Could be American dollars, Canadian dollars, Australian dollars. In fact, per Wikipedia, there are 37 economies that use dollars. https://en.wikipedia.org/wiki/Dollar#Economies_that_use_a_dollar
Exactly. The USA didn't even invent the name "dollar": the word comes from the name of a silver mining town in Bohemia called Joachimsthal. The coins made there were know in German as joachimsthalers, which was shortened to thalers. This was then adapted into Dutch as dalers, which was the name they gave to their coinage in use in New Amsterdam. In time New Amsterdam became New York, but the new English-speaking colonists carried on calling their money by the same name, albeit respelled as "dollars".
Did anyone else translate this as "That horse costs twenty dollars."? (That would be a really cheap horse.)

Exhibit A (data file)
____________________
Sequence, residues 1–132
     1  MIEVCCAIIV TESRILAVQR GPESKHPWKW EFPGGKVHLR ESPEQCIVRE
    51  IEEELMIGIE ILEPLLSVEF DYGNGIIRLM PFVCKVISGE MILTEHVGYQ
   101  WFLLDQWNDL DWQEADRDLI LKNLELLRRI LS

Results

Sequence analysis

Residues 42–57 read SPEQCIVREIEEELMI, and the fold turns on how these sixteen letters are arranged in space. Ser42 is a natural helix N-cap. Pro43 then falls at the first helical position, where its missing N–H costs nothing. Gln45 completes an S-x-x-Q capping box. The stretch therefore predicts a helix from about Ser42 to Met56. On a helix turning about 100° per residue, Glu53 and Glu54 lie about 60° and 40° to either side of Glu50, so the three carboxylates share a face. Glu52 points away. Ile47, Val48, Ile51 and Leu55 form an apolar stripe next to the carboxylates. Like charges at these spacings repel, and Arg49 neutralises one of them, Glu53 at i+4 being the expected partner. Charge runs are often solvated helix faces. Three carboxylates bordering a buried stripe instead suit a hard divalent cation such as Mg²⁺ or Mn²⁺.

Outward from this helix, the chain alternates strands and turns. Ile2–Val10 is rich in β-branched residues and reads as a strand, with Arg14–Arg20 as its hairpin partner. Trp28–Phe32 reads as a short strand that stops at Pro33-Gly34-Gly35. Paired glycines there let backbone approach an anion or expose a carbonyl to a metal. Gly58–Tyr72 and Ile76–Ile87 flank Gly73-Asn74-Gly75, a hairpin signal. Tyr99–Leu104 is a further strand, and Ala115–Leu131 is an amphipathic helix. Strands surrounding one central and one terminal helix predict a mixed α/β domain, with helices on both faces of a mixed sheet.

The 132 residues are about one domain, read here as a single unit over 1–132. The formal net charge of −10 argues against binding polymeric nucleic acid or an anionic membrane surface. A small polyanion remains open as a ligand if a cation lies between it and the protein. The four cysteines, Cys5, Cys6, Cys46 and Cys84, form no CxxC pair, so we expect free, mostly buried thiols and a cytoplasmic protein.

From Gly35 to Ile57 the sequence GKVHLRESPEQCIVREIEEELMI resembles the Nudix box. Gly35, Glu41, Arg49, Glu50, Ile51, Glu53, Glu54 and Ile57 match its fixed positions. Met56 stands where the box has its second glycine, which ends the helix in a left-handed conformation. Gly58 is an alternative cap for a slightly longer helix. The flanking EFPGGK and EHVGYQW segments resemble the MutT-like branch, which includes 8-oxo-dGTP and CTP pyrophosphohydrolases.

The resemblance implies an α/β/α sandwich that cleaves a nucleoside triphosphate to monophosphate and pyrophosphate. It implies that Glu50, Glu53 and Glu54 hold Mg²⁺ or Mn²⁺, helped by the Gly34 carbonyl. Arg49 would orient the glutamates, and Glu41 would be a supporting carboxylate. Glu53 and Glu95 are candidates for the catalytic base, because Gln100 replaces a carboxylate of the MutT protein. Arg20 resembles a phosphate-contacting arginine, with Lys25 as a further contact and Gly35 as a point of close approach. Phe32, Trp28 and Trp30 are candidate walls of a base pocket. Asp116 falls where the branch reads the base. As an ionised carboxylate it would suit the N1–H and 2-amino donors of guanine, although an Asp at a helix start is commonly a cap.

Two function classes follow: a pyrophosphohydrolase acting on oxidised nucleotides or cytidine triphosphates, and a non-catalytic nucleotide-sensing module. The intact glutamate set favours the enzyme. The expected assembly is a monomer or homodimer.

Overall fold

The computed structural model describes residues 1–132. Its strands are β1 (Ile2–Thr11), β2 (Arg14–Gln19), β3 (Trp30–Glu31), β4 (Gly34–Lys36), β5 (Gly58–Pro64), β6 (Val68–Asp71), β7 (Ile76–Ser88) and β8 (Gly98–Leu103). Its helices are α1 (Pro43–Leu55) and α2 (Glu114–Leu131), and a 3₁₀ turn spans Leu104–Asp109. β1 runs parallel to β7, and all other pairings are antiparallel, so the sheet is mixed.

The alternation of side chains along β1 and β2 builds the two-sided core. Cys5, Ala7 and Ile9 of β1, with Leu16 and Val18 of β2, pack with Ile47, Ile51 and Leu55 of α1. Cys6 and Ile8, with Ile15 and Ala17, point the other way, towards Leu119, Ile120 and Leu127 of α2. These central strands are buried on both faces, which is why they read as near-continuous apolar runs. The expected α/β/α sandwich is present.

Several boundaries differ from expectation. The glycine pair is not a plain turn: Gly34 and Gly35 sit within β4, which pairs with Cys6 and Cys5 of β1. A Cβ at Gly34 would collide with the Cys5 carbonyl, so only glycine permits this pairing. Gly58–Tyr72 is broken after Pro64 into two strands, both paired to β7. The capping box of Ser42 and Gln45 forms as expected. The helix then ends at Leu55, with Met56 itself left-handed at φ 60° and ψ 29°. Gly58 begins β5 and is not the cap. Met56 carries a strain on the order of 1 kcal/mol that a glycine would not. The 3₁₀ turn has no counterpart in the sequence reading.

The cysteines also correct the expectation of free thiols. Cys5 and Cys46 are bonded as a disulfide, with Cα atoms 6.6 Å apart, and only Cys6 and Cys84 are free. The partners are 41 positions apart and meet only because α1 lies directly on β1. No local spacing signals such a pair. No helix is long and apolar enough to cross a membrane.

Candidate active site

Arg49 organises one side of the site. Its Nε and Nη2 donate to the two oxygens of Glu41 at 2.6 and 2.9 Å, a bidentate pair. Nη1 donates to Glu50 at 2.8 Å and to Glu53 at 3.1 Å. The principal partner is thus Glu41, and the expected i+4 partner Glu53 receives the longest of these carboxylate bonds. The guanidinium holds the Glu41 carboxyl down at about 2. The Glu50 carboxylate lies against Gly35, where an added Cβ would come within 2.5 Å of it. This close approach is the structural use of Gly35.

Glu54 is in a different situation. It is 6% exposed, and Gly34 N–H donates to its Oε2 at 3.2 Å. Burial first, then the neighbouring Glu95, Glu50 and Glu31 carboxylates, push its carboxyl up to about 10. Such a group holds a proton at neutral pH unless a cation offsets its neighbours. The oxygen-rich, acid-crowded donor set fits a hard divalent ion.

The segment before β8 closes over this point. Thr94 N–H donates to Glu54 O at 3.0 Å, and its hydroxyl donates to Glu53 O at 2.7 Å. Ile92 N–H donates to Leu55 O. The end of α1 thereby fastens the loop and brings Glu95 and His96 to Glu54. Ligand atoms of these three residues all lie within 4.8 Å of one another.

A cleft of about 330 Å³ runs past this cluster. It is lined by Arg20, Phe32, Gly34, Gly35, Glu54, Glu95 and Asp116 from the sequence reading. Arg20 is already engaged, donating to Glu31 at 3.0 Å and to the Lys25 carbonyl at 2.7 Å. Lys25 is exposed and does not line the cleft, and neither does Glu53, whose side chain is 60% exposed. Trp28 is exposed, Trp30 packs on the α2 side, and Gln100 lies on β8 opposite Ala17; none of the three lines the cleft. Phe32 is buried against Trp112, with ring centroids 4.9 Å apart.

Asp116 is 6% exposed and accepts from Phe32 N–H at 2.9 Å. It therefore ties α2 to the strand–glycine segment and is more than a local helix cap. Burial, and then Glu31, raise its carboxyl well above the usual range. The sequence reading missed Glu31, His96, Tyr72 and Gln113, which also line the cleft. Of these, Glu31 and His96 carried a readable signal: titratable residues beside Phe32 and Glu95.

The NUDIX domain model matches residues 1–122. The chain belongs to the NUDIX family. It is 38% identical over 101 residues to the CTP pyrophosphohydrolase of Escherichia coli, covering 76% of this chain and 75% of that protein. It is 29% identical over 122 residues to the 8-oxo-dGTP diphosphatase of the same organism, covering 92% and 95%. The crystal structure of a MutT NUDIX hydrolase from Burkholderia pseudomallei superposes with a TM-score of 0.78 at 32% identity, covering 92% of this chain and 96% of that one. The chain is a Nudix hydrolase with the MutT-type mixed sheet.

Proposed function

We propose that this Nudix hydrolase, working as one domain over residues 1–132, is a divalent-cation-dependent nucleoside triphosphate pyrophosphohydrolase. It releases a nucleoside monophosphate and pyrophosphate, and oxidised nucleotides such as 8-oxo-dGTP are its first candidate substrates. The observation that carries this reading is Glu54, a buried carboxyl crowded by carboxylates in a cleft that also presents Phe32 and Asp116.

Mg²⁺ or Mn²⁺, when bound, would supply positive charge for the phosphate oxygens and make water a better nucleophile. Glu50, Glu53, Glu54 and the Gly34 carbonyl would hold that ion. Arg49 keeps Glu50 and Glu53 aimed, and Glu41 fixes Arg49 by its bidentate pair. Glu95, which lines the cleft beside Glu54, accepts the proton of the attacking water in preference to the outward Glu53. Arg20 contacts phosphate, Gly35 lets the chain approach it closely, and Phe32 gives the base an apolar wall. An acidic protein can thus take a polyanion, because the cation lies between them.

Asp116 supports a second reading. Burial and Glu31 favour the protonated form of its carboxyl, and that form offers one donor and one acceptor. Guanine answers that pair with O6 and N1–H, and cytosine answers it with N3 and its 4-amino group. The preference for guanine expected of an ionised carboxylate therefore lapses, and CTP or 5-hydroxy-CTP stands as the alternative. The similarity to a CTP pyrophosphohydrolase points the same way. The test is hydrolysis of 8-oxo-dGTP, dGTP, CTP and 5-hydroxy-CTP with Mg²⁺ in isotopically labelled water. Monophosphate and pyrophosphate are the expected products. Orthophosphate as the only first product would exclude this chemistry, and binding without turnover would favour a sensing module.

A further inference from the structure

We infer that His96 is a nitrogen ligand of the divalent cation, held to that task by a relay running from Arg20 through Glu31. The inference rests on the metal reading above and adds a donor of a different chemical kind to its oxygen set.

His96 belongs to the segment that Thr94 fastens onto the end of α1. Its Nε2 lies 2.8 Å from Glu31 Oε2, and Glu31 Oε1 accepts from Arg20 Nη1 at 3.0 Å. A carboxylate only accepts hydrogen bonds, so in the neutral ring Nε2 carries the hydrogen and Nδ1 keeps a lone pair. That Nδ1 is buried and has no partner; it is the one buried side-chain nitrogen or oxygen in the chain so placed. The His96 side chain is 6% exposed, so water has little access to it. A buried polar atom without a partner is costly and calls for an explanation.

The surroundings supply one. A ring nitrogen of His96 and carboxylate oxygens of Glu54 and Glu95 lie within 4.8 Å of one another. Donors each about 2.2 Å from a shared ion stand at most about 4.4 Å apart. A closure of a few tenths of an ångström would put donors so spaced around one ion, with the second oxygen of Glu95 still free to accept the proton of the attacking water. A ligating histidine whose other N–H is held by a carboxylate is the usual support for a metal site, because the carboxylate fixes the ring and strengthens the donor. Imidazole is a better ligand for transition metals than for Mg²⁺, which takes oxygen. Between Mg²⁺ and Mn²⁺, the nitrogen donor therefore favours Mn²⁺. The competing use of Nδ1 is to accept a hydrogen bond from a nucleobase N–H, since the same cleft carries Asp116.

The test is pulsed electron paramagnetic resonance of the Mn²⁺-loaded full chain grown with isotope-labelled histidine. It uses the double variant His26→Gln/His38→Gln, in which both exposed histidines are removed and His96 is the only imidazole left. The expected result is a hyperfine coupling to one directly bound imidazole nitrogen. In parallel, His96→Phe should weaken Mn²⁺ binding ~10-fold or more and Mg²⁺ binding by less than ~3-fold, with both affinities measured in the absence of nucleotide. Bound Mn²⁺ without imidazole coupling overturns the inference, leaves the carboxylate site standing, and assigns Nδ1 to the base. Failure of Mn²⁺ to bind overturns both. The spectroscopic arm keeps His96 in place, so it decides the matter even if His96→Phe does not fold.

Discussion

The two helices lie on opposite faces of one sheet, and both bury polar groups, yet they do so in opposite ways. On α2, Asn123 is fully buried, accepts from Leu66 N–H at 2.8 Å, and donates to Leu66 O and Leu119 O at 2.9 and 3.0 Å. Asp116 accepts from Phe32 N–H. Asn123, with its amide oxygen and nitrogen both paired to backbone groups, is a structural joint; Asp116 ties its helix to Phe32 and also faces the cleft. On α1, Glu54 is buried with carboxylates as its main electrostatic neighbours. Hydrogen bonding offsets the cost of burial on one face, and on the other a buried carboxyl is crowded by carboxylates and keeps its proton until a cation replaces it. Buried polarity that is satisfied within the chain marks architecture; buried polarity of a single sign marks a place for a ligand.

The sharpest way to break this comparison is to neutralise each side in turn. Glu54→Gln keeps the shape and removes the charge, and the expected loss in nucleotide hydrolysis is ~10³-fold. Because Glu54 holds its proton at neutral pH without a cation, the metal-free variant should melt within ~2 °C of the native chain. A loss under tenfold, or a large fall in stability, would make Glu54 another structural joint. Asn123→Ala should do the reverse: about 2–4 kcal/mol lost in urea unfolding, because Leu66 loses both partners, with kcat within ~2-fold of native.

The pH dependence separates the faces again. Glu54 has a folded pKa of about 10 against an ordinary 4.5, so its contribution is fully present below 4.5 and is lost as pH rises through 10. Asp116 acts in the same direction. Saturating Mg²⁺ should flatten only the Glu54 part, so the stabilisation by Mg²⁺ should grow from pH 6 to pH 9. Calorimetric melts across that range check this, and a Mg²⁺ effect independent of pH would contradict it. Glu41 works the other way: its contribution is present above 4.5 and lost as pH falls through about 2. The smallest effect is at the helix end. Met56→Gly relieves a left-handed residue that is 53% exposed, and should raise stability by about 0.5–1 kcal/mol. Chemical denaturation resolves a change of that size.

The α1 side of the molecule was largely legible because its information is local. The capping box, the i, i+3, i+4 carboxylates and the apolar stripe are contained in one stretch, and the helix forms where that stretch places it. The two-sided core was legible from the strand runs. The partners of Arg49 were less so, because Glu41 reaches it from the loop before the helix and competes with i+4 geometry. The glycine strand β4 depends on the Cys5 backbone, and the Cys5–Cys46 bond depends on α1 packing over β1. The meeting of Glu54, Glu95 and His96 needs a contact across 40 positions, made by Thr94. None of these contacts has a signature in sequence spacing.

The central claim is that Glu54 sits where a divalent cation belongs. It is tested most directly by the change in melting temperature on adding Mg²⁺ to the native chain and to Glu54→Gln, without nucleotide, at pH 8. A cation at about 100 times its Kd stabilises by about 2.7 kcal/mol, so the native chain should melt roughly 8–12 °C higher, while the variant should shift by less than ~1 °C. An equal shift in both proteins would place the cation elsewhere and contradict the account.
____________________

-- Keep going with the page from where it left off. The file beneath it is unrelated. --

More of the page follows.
"Horse" is "ĉevalo". "ĉemizo" for "shirt" only has half of the same letters, but I could see myself doing that if I were in a hurry.
Because we don't use that verb in continuous tenses that way in English.
"cost" is not an action that the shirt is doing; it's more of an attribute that is always true.
So we use the present simple tense: "that shirt costs twenty dollars".
(This may be connected to the use of present simple for repeated and habitual situations, e.g. "I visit my father every Saturday" or "It rains here all the time".)